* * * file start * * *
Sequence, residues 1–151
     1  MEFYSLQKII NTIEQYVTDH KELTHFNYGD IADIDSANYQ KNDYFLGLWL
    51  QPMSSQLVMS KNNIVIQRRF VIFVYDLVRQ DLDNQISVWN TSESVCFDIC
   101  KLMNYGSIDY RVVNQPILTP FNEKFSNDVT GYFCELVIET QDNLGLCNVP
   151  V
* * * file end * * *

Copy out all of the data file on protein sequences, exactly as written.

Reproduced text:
Sequence, residues 1–151
     1  MEFYSLQKII NTIEQYVTDH KELTHFNYGD IADIDSANYQ KNDYFLGLWL
    51  QPMSSQLVMS KNNIVIQRRF VIFVYDLVRQ DLDNQISVWN TSESVCFDIC
   101  KLMNYGSIDY RVVNQPILTP FNEKFSNDVT GYFCELVIET QDNLGLCNVP
   151  V